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Radical change on horizon for abortion law in Northern Ireland

Date:1 DEC 2015

Draft guidelines follow swiftly from High Court judge’s rule that current Northern Irish law on abortion is in breach of women’s Art 8 rights

Following a landmark High Court judgment yesterday (30 November 2015), draft guidelines have been issued by the Northern Irish Health Minister today that relate to abortion law and practice in Northern Ireland, and how it could undergo a drastic alteration in the near future.

Sitting in Belfast yesterday, Mr Justice Horner ruled that the law on abortion in Northern Ireland as it currently stands breaches human rights law - a judgment that could lead to the extension of current legislation and, ultimately, see women being allowed terminations in cases of rape, severe or fatal foetal abnormalities (FFAs), and incest.

Speaking to the court at the conclusion of the judgment, Horner J listed the reasoning behind his decisions, and made reference to Art 8 of the Human Rights Convention (a right to private and family life), and the breaching thereof, in particular:

‘…This Court intends to make a declaration of incompatibility, subject to further arguments on the issues identified above, for the following reasons:

(i) Firstly for the reasons given, the impugned provisions identified are incompatible with Article 8(1) of the Convention in respect of those women who carry FFAs and/or who are pregnant as a result of sexual crime.

(ii) Secondly, and most importantly, to bow to the demand not to make a declaration of incompatibility would be to abandon for the immediate future those women who become pregnant and have to carry a foetus with a fatal foetal abnormality or who become pregnant as a consequence of a sexual crime. They are the ones who are entitled to have their Article 8 rights vindicated by a declaration of incompatibility.

(iii) The incompatibility is simple to identify and straightforward to correct as is demonstrated by the legislation in other jurisdictions. In the case of an FFA, a requirement can be imposed before any termination takes place, that two qualified medical consultants must agree that the foetus is incapable of an independent existence outside the mother. In respect of rape and/or incest, the right to abortion can be made dependent on a certificate from the police officer in charge of the investigation and/or the prosecutor that the pregnancy is a consequence of a sexual crime. The right to an abortion must be restricted to the period immediately before the foetus becomes capable of living independently outside the womb. (It is also important to note that with an SMF, it would be very difficult, if not impossible to define what is an SMF and to give advice as to when and how to draw the line in respect of different foetal abnormalities. The remarks of Lord Wilson at paragraph [203] in Nicklinson are particularly pertinent.)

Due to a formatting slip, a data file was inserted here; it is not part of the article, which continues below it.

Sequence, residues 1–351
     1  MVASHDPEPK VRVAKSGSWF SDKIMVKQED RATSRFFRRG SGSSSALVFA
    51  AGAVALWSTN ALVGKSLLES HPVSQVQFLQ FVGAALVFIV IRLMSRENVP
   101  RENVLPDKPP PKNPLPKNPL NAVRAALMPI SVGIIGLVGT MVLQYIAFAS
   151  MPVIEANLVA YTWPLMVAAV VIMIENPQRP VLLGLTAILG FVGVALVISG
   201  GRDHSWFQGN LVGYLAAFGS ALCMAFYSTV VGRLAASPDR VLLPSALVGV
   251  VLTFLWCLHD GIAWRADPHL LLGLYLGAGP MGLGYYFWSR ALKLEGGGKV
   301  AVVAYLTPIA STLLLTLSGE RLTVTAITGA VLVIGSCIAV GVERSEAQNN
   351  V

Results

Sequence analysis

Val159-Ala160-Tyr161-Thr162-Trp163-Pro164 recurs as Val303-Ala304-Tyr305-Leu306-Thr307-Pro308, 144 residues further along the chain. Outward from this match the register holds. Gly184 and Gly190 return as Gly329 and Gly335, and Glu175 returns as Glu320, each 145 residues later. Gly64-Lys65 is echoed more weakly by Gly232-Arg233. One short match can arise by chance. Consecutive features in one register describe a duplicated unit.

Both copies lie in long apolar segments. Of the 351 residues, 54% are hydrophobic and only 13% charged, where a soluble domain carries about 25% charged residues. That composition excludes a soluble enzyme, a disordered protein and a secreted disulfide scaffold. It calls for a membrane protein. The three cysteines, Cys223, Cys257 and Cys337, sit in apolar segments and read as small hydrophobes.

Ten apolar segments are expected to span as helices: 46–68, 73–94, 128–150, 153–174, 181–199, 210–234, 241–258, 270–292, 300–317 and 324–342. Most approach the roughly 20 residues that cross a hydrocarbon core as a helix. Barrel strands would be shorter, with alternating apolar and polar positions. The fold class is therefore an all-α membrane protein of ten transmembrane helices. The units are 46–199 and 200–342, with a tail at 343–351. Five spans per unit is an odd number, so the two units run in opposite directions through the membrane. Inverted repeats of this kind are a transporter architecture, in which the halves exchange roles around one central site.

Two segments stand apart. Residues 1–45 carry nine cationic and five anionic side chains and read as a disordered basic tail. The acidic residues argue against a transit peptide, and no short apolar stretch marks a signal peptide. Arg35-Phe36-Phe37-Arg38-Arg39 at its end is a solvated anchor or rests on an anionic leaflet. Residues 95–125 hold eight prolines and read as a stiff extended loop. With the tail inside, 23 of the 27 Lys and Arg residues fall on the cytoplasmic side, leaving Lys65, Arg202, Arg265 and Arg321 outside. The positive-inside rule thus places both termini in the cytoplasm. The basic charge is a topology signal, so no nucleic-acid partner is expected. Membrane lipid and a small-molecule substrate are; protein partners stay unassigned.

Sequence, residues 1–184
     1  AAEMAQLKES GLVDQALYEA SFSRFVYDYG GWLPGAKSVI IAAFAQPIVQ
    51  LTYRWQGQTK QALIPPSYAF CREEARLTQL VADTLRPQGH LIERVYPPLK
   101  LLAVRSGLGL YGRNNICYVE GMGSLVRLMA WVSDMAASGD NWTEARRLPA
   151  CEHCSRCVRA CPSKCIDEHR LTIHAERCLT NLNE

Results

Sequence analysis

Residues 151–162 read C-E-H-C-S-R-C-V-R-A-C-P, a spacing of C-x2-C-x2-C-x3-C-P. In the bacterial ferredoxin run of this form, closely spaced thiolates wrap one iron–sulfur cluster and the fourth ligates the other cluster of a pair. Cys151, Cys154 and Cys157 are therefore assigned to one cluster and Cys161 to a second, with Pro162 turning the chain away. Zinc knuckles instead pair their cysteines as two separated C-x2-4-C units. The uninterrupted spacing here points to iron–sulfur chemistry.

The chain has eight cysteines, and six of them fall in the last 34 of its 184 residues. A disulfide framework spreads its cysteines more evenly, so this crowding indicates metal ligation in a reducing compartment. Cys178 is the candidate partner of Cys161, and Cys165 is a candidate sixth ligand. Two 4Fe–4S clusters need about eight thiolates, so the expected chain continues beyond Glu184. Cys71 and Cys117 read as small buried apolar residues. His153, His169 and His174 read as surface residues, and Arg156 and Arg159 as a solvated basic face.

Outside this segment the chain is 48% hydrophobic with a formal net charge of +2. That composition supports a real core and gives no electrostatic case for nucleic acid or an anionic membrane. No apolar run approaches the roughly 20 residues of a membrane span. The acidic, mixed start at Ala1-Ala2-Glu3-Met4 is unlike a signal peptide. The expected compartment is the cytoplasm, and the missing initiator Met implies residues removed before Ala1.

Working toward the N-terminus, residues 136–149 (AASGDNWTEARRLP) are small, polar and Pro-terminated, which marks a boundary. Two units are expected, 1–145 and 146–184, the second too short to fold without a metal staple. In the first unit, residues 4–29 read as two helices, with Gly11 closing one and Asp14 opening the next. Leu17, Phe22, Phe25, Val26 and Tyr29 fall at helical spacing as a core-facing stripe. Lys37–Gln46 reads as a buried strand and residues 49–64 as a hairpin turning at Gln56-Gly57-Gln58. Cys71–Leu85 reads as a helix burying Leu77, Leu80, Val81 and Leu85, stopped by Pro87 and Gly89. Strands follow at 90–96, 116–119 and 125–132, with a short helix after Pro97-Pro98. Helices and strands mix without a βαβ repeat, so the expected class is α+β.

(iv) These highly sensitive matters have not been debated by the Assembly and are unlikely to be debated by the Assembly in the foreseeable future.

(v) The history of the Northern Ireland Assembly suggests that when there are contentious religious and moral issues that divide the political classes, there is little prospect of progress given the present constitutional settlement. This is not intended as a criticism, but rather to reflect what has happened in the past. The Guidance Document produced in response to the Court of Appeal judgment in Family Planning Association of Northern Ireland v Minister of Health and Social Services and Public Safety took some 8½ years to produce. The consultative document is intended to deal with the issues before this Court has not only taken an inordinately long time to be produced, but it has failed to deal with pregnancies which are a consequence of sexual crime. There is every reason to accept as true, the comments of the First Minister that any legislative proposals for the termination of pregnancy regardless of the category are doomed. The submissions on behalf of the Attorney General simply serve to underline this.

(vi) Finally, there has been no hearing before any court in Northern Ireland on these particular issues which would be binding or which requires this court to make “a volte face”.


For the reasons given, the court has determined that the failure to provide exceptions to the law prohibiting abortion in respect of FFAs at any time and pregnancies due to sexual crime up to the date when the foetus becomes capable of an existence independent of the mother, is contrary to Article 8 of the Convention.’

Under one law dating back to the nineteenth century (namely the Offences Against the Persons Act 1861), medical specialists in Northern Ireland today could face life imprisonment should they carry out abortions even under the present conditions, which only allow terminations if the mother’s life is endangered or there is a potential serious risk to her mental or physical health if the pregnancy is continued. The Abortion Act 1967 has always applied to every part of the UK except Northern Ireland – thus making yesterday’s ruling truly historical.

Over 1000 women and girls – including those legally considered minors – travel to Britain from Northern Ireland each year seeking terminations. In 2013, 15% of all abortions carried out in England and Wales on women habitually resident outside of Britain involved Northern Irish pregnancies.

The Department of Justice in Northern Ireland now has 6 weeks in which to decide whether or not to appeal the judgment. The guidelines reflecting future changes to abortion law will be made public after consideration from various members of the Northern Ireland Executive.

Family Law will endeavour to keep readers updated with any future news regarding this issue.